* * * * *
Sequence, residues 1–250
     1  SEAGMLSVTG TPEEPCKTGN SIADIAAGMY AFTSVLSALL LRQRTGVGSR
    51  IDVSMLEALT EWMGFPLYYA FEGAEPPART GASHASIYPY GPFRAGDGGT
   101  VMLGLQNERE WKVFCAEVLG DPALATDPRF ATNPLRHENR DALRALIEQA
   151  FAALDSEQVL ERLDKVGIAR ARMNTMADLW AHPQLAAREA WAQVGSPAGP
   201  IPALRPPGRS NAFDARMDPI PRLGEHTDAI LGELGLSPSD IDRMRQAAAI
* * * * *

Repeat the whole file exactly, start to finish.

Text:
Sequence, residues 1–250
     1  SEAGMLSVTG TPEEPCKTGN SIADIAAGMY AFTSVLSALL LRQRTGVGSR
    51  IDVSMLEALT EWMGFPLYYA FEGAEPPART GASHASIYPY GPFRAGDGGT
   101  VMLGLQNERE WKVFCAEVLG DPALATDPRF ATNPLRHENR DALRALIEQA
   151  FAALDSEQVL ERLDKVGIAR ARMNTMADLW AHPQLAAREA WAQVGSPAGP
   201  IPALRPPGRS NAFDARMDPI PRLGEHTDAI LGELGLSPSD IDRMRQAAAI